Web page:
Proctor and Gamble has shown interest in the social problems in India, with outreach such as: SHIKSHA’07 BUY P&G brands to help support underprivileged children access their right to education. The fact that India has the world’s largest number of uneducated children is an undeniable challenge, and one that Proctor and Gamble has aligned with. Every time a consumer buys a large pack of  Pampers during the months April, May and June, she will have made a definitive contribution towards enabling a child’s right to education.

India is a great producer of babies, and if P&G can find a way into the market (produce quality, economically viable, and environmentally friendly product), than they will have access to great demand, and lots and lots of babies.

 

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SoSasta: The Next Groupon Success?

In India on July 17, 2011 by S.Albright Tagged: , ,

Daily deals have created a prominent space on the Web in India. So much so, that there are currently 28 and counting “Groupon clone” sites. In a country where eCommerce is expected to reach a value of US $10 billion by the end of 2011, as well as a population that continues to rapidly embrace the social media and mobile culture, it should come as no surprise that daily deals and group couponing are just as popular with the Indian online community as they have become with numerous other countries globally. Yet for consumers in India, given the choice of 25+ different sites, how does one choose where to go for deals? Does this number of sites drive the desire to utilize them, or overwhelm consumers by continuing to crowd the market and ultimately lose their business altogether?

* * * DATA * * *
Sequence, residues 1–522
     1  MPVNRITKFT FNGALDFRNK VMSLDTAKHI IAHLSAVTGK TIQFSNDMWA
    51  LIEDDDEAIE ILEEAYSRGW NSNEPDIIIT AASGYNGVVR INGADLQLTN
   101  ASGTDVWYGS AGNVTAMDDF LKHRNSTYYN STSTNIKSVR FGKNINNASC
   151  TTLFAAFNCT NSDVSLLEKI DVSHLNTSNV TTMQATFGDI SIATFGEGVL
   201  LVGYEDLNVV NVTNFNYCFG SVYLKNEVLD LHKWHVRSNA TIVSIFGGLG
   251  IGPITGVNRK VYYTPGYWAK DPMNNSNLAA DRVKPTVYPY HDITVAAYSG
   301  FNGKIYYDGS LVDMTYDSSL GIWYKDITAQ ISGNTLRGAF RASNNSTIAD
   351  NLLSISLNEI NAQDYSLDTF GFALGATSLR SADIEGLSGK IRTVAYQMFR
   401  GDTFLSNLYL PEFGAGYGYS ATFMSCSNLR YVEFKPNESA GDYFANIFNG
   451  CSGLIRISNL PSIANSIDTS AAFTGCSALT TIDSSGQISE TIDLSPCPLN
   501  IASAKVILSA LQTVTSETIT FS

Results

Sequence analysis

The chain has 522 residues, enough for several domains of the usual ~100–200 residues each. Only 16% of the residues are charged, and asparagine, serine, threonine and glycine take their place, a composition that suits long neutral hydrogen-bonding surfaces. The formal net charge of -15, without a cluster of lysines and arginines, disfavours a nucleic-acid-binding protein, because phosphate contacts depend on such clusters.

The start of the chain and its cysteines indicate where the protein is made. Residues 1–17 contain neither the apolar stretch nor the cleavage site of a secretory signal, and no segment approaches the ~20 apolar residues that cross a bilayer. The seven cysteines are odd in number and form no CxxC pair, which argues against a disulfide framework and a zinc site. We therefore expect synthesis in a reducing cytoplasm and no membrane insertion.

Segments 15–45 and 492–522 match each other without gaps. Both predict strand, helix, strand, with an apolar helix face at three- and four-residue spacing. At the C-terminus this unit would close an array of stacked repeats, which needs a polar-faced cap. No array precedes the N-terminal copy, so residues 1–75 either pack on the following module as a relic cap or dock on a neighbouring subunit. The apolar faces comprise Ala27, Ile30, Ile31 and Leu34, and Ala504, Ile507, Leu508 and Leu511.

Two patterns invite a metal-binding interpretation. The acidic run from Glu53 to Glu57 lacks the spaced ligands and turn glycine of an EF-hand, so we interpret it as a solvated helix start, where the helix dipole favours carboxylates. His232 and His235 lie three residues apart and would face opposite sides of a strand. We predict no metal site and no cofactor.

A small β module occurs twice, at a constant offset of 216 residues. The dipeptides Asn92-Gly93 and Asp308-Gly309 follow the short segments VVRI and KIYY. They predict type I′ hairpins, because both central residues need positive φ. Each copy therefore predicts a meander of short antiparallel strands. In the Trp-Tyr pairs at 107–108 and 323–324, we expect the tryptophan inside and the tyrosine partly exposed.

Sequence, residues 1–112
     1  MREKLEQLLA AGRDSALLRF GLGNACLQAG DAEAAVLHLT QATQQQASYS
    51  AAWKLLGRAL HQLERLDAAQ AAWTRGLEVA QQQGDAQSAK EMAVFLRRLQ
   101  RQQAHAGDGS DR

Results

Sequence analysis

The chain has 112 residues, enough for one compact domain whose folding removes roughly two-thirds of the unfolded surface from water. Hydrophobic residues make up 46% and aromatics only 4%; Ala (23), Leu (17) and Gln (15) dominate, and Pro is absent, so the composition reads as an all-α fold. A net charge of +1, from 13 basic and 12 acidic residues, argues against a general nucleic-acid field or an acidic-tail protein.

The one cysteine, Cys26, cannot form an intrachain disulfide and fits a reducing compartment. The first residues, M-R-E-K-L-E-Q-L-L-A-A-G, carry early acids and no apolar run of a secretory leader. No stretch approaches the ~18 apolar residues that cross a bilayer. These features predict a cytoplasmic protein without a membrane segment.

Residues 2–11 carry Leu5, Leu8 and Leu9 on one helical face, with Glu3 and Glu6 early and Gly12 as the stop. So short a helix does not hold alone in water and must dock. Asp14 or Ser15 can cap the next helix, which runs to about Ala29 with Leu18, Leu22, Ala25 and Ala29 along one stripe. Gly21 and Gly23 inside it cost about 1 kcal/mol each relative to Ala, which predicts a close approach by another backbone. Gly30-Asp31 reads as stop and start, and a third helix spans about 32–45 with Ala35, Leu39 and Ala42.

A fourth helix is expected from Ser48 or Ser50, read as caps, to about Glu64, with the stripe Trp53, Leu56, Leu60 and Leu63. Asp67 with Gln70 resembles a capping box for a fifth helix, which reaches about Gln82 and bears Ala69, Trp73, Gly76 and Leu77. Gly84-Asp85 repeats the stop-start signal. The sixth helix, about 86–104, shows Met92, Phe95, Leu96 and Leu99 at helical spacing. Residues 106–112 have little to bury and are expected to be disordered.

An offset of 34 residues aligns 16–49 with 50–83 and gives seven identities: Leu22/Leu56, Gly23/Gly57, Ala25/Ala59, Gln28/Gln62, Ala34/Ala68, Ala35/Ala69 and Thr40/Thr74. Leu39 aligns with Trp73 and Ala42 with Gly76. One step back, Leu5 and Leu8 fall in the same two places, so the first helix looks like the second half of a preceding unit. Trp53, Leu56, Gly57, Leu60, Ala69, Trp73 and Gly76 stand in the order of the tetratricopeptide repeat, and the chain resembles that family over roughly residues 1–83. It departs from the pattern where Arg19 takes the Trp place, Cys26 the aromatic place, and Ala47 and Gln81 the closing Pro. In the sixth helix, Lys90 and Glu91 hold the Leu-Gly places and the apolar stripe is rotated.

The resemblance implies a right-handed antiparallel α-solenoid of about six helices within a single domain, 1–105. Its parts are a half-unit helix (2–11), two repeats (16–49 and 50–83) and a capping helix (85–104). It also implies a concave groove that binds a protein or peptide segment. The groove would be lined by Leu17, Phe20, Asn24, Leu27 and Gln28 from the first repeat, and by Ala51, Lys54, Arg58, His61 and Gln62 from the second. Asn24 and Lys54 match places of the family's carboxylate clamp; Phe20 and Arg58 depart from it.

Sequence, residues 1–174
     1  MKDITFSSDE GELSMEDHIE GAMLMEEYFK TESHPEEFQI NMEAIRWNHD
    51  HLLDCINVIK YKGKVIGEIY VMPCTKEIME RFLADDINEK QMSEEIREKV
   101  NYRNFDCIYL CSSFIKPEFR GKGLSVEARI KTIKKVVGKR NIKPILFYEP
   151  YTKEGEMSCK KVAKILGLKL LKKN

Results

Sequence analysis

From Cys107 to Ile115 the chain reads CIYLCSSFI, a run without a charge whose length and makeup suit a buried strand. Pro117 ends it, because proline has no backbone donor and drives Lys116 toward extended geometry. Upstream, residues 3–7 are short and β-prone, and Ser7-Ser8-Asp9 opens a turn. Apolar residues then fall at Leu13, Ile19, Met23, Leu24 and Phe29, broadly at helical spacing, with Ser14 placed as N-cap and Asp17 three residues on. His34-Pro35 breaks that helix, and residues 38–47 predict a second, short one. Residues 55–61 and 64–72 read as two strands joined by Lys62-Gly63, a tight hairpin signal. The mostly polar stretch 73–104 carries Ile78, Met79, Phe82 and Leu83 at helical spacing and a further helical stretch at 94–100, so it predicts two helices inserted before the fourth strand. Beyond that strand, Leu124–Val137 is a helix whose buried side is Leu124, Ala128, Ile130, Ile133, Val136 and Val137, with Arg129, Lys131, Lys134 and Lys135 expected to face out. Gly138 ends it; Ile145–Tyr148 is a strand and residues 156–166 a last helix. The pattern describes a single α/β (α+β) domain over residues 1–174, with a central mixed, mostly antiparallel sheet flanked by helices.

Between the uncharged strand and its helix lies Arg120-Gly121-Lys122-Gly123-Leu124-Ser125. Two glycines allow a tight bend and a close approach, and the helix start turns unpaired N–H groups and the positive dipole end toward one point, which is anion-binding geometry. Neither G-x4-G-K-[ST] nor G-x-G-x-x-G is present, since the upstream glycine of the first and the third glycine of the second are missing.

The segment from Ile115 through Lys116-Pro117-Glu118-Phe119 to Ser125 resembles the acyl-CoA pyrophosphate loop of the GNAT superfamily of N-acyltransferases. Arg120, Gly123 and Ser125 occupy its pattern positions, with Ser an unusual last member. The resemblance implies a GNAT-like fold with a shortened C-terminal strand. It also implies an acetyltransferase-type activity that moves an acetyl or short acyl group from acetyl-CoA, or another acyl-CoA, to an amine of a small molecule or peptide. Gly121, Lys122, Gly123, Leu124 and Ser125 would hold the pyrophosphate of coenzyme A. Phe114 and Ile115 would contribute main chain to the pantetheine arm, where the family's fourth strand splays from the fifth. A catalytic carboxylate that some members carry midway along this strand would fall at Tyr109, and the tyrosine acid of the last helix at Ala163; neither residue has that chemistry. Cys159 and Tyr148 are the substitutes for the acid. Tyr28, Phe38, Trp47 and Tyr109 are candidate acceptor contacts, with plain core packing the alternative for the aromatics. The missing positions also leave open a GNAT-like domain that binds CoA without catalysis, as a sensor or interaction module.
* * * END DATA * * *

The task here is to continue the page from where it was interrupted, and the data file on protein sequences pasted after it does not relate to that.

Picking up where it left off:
Launched in late 2010, SoSasta (which translates to ‘So Cheap’ or ‘So Affordable’ in Hindi) offers users discounts on services such as restaurants, spas and dance clubs in 11 cities in India daily. Acquired by Groupon in early 2011, the daily deals powerhouse made its entry into the Indian market as it continued to take the now-valued $25 billion company worldwide. Under Groupon, SoSasta has started to move from the rookie player amongst the more established Indian deal sites Snapdeal, Taggle and Mydala to one garnering increased visibility. However, all too recently SoSasta underwent an accidental leak of email addresses and passwords of thousands of SoSasta users.

In the wake of this security leak, SoSasta needs to leverage a bit of current negative media attention to champion on why this site has the potential to become the leading daily deals site for Indian consumers. Here’s how:

1. Groupon’s International Insights

As the leading website of its kind, Groupon’s fast-growing success has the ability to take SoSasta to the next level above smaller, local start-ups. By utilizing what has worked in other countries, Groupon needs to keep a close eye on security and privacy issues to ensure another accidental leak of private user information does not occur. Unlike other countries, deals in India tend to offer a wide variety of deals and don’t focus on a particular niche. By tapping into the particular wants and needs of Indian consumers – perhaps segmented to the extent of city or region – SoSasta can display its understanding of the country’s culture in conjunction with the larger corporate backing to offer the best products and services for its users.